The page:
A release provided by the World Health Organization (WHO) has shown, though the curve of contagions had remained stable during summer in the northern hemisphere, infections had once again picked up in almost every continent through October and November, resulting in what has now been referred to as the second wave of the Covid-19 pandemic. Amid the rising cases, experts have once again affirmed that the most efficient approach to contain the virus spreading is by limiting social contact, wearing face masks, sanitizing, as well as conducting tests for Covid-19.
Several countries have already begun to implement new Covid-19 restrictions. These include Argentina, Germany, France, Italy, Spain, the United Kingdom, Malaysia, and South Korea, among others. This is anticipated to continue through December – while it is fair to expect the pandemic situation might improve after lockdowns, restrictions are likely in case any relaxation of measures triggers a new surge of cases in countries that have adopted such an approach. With Christmas around the corner, most countries in the western hemisphere have also scrambled for ways to tame the virus in time for the occasion that usually see family members and friends coming together. The likelihood of such gatherings however remains bleak as some governments have already warned that they could be severely curtailed to avoid sparking further infections.
Sharp rise in Covid-19 infections has been reported across Europe and the Americas beginning October. (Source: World Health Organisation)
Another concern related to the pandemic is the series of anti-lockdown protests in several countries, including Argentina, the United Kingdom, and Germany. These demonstrations remain likely across Europe in countries with well-organized activist groups taking the lead. Countries whose economy has been severely affected by the pandemic also remain prone to face related unrest, that at times could turn deadly or cause major damage to properties.
Heading into December, the uncertainty regarding public policies and fresh Covid-19-associated restrictions will certainly continue to impact the travel industry as well. Low demand for traveling and government-imposed measures – frequently with short notice – mean that flight cancellation or rescheduling are always on the horizon, while the prospect of entering some countries could be a challenge due to enhanced health screenings. Though some airlines have resumed services, disruptions to air and land travel should still be expected amidst strict governmental measures.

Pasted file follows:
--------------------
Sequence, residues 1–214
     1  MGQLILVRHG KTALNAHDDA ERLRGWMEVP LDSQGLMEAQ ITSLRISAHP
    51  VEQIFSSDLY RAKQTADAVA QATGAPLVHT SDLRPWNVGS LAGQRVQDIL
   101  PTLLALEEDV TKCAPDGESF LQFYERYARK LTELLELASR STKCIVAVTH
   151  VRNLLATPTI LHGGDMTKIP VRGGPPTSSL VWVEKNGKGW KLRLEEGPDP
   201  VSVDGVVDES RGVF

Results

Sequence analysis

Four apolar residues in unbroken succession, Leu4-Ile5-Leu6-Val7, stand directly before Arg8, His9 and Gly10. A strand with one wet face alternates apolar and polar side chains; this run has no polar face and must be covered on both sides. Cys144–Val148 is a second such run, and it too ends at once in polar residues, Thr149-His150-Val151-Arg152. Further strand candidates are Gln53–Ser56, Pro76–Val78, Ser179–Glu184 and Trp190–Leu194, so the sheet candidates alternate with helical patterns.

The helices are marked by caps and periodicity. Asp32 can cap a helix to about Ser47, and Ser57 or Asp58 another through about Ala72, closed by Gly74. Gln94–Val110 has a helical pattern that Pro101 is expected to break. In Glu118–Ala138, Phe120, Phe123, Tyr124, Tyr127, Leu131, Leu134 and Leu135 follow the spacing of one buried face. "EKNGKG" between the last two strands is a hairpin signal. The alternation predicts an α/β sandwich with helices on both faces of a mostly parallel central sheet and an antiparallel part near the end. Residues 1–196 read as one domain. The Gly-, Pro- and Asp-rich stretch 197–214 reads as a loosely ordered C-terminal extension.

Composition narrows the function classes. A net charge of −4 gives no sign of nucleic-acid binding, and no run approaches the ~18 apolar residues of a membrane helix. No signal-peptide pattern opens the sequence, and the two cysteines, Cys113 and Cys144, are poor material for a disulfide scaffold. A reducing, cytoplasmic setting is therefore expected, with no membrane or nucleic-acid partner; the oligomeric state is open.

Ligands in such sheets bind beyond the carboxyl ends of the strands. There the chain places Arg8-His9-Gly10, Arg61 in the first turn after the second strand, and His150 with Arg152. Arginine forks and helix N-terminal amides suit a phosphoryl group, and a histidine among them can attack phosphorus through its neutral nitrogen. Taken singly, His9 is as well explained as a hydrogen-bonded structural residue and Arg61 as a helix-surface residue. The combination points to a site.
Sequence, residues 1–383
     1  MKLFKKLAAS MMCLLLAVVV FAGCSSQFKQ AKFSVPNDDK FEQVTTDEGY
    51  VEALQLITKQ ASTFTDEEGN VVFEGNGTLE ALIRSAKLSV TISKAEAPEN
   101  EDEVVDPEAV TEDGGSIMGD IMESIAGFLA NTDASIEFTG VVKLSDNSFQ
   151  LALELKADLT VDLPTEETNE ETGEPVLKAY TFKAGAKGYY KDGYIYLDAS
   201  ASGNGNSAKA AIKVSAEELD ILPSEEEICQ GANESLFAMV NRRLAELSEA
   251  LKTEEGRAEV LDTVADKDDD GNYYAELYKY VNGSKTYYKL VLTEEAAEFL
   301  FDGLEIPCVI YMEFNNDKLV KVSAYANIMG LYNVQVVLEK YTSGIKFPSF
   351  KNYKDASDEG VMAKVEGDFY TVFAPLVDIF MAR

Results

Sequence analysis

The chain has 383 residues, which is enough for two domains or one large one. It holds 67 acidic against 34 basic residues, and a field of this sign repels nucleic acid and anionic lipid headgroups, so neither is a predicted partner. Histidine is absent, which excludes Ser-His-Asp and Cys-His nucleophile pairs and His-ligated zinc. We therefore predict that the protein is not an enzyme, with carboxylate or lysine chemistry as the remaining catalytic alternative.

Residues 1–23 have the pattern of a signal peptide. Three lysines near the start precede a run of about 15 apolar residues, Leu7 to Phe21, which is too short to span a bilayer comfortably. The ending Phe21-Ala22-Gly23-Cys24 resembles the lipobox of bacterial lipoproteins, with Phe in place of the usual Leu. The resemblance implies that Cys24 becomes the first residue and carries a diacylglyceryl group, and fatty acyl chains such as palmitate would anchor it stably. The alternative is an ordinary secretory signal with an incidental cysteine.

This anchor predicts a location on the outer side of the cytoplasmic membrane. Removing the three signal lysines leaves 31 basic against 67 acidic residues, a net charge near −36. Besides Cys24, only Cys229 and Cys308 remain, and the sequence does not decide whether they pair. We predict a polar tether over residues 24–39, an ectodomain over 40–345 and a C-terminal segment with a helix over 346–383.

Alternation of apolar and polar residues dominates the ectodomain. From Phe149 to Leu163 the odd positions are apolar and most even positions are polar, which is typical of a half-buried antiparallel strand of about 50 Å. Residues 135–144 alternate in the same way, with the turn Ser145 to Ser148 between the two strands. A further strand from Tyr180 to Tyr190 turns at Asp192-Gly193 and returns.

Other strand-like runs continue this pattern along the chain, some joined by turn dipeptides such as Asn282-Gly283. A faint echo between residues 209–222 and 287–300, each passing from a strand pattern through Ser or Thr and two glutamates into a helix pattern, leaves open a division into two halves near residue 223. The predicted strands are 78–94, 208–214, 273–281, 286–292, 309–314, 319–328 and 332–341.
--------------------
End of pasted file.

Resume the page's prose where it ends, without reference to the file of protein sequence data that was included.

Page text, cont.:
Although President Donald J Trump has agreed to begin the transition, his delay in conceding defeat did not only cause political repercussions but also triggered protests from both his supporters and detractors as well as instability on the stock markets. Trump’s relentless pursuit of victory had only made people wonder what his next moves will be and how the transition will pan out come 20 January next year.
Trump, even before the election, had claimed that fraud was possible during the 2020 elections and that has been his narrative since his loss on 4 November. After more than three weeks, the president still claimed that the elections were rigged on his Twitter, prompting the social networking site to flag such tweets for disputable information. His legal team has launched at least 36 lawsuits across battleground states to contest the counting of the votes or other alleged frauds. Twenty-six of the lawsuits have already been denied, dismissed or withdrawn. The contention however can be stretched until 8 December, when States must deliver their electoral counts to Congress and from there, it would still be more than a month till inauguration takes place.
During this period, the political uncertainty can lead, as it had post-election, to massive demonstrations by supporters of both political spectrums. The continuous refusal of Trump to acknowledge the election results also raises the fear of more violent response. Additionally, his adamant resistance to leave office even after disputes are legally settled had also fueled doubts among his supporters on the legitimacy of a Biden presidency thus resulting in occasional tension between communities across the country.
Markets and investors seem to have already been working with the official outcome since it was first announced. The oscillation of stock markets and dollar have been average for the post-electoral period. A lingering dispute over the results could, however, lead to a turbulent market. Even more so, if the battle goes beyond legal grounds. There is little chance that Trump’s campaign to change electoral results will work. The long-lasting financial and social impacts this battle caused however will probably outlive it.
What to look out for this month:
Chan Hoi Cheong
Senior Analyst and Office Manager Kuala Lumpur, Malaysia
Analyst Sao Paolo, Brazil
Gabriela Ribeiro de Araujo
Analyst Sao Paulo, Brazil
Senior Analyst Lund, Sweden